Friday, September 16, 2016

Raining Cats, Dogs, and Stories

When you were living in the corner apartment of 3153 Barbara Court, in the buffer zone between the Hollywood Hills and what became The Valley, you had neither cat nor dog nor even a goldfish, although all three had crossed your mind.

You had a lipstick red Olivetti portable typewriter, given you by a person you assumed would become your mother-in-law. You had an eclectic collection of furniture including a sofa one aunt had admitted to paying too much for and getting too little in return. 

Given your father's then pursuit as an auctioneer of the assets of failed restaurants, you had an eclectic assortment of cooking utensils, all of which you used at least once.

At the time, you most fancied having a Beagle as a pet, but the neighbor's cat, a mashup of a gray-and-white tiger stripe and a tuxedo, had other ideas and, as matters evolved, other plans. "I guess I don't have a cat any more," your neighbor, Ray, said one afternoon at about the time for your usual cribbage game. "He seems to spend all his time here, and I have to think he actually loves you."

Thinking the matter over, you understood how, at heart, you were a dog person, but this was no ordinary cat, even taking your evening walk about the neighborhood with you and, in one bold stroke, stowed away in your Hudson Hornet, all the way to Virginia City, Nevada, where he appeared able to cope with snow, altitude, and the inner life of The Brass Rail Saloon, wherein you did much of your serious drinking.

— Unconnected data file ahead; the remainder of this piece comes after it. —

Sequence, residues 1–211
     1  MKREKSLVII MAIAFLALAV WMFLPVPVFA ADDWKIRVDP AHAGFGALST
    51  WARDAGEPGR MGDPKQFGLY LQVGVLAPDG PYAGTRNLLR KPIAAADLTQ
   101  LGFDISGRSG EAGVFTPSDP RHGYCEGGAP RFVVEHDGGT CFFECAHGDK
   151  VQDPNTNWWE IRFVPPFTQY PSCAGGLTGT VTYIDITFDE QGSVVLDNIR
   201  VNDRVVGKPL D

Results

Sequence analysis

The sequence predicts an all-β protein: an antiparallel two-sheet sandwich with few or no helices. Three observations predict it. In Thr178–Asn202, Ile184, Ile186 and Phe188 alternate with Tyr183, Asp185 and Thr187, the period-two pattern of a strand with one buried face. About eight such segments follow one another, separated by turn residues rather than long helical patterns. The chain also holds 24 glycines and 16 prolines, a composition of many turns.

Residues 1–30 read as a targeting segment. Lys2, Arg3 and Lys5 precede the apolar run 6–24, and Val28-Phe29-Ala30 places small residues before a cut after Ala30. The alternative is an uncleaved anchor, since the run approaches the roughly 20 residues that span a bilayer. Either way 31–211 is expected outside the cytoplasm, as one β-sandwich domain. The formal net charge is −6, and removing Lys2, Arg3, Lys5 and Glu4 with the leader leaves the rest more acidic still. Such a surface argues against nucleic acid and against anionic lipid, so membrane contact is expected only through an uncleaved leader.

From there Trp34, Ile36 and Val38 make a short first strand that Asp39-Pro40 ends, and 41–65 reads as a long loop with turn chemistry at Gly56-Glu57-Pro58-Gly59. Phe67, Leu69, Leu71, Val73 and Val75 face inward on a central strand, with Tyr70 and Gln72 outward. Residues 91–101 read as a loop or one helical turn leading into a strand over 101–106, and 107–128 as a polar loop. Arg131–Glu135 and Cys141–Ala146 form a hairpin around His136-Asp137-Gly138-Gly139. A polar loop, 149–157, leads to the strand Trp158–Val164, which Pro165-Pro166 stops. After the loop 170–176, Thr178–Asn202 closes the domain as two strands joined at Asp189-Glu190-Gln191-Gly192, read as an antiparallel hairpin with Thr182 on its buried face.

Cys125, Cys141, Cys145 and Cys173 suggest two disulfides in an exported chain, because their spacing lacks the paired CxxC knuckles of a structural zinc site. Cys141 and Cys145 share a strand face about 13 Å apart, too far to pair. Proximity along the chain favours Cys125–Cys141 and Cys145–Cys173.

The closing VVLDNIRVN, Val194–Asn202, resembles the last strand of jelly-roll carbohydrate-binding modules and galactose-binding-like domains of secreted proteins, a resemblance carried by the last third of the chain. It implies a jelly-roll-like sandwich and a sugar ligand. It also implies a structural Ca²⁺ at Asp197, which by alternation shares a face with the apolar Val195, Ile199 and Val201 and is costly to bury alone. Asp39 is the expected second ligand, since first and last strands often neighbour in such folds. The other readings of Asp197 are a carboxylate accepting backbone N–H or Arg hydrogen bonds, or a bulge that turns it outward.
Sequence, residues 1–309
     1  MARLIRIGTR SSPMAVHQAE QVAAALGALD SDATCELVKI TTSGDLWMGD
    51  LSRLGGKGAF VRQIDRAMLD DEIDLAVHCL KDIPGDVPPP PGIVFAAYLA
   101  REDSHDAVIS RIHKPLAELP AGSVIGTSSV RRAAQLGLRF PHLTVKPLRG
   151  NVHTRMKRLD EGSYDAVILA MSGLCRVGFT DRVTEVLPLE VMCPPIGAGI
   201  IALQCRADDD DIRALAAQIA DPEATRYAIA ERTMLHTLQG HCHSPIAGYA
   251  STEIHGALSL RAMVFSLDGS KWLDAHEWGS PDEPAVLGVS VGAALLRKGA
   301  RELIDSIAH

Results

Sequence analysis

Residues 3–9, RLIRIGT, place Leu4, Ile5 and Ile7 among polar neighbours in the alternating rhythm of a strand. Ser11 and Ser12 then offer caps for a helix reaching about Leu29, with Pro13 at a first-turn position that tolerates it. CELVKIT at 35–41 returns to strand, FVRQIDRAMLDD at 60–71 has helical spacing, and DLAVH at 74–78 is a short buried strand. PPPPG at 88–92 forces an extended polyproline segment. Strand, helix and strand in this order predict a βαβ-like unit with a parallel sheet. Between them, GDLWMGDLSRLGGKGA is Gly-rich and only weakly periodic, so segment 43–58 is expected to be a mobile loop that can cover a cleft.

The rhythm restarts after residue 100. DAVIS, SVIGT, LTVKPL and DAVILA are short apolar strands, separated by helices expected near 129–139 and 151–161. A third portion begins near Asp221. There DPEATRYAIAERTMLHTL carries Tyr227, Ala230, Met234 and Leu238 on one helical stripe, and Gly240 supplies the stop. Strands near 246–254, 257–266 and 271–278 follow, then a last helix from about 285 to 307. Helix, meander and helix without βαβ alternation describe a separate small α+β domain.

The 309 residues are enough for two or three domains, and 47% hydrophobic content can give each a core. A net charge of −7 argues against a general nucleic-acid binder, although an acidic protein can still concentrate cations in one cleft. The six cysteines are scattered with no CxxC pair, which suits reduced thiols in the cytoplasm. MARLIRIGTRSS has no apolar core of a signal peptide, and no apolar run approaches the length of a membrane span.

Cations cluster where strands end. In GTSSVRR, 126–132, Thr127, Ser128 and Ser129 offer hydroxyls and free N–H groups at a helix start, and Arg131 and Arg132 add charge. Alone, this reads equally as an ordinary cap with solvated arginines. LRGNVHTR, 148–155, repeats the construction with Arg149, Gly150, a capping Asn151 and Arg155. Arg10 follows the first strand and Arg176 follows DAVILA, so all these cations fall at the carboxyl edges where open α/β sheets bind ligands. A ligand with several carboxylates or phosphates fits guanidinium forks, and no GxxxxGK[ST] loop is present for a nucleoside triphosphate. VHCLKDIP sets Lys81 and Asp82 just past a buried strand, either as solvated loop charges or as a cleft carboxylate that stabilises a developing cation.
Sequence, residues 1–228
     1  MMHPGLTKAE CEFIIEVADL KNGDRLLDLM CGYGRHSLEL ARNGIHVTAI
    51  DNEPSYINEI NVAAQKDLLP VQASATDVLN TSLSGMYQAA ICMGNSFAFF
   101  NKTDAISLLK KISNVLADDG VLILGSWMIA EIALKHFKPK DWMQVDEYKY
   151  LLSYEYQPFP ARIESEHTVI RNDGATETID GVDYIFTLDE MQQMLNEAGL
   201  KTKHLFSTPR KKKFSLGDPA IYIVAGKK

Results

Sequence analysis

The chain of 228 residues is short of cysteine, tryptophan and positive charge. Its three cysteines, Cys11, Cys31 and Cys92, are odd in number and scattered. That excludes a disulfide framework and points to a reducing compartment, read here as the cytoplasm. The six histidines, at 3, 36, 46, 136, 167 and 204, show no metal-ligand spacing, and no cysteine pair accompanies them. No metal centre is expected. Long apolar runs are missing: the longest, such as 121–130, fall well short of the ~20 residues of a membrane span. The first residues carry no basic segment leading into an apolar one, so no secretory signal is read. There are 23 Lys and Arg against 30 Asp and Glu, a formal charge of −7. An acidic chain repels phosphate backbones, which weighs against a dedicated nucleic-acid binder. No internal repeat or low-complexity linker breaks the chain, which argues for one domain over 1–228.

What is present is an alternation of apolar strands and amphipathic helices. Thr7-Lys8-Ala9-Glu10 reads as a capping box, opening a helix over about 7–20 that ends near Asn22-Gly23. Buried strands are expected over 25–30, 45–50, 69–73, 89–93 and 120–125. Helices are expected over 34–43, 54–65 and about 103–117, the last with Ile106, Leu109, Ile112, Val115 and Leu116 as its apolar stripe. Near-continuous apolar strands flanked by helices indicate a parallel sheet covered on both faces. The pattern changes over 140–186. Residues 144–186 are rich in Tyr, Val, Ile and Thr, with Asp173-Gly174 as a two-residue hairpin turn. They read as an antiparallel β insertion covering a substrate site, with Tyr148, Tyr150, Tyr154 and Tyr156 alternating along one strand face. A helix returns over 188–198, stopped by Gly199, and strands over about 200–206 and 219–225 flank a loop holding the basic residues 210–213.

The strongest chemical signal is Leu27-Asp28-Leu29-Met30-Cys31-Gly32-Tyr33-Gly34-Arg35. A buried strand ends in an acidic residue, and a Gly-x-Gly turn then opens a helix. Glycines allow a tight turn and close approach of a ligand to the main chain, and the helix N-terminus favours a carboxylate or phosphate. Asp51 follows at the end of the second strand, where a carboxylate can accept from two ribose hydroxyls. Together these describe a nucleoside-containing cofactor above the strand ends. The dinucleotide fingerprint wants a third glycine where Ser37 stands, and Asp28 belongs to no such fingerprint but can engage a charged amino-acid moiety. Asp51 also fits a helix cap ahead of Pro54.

You also thought you were a short story person rather than a novelist even though any number of literary agents explained to you how you needed at least to be proficient in the novel format if you were to get anywhere with your intended career as a writer.  

One literary agent in particular, a man whose memoir you would eventually publish, flat out told you he wanted nothing more to do with you if you continued to pursue your inexplicable fondness for the short form. He was also known in The New York Times and Publishers' Weekly as "King of the Paperbacks."

The agent was a Harvard man who, as you liked to joke, spoke two languages, English and Harvard. For his part, he observed that you wrote pretty well for a Westerner, by which he meant you were not as prolific as he would have liked because agents did not get commissions from drafts, only final manuscripts.

Thus, in those days, you were a dog person with a cat named Sam; you were a short story writer, writing novels for a man named MacCampbell. You were perfectly content with Sam, thinking you might transmogrify into a cat person. But after Sam's death, you found in a succession of cats including one named after Edna St. Vincent Millay, a vigorous awareness you were indeed a dog person.

By their nature, most novels require either a significant change, a symbolic event that encodes explanation for the outcome of the novel, or some plausible explanation for the obligatory payoff. Your vision of the short story contains a special dispensation not to close out with any authority. You call a short story's conclusion a negotiated settlement with Reality. You have on occasion spoken of the short story ending with a poised irresolution.

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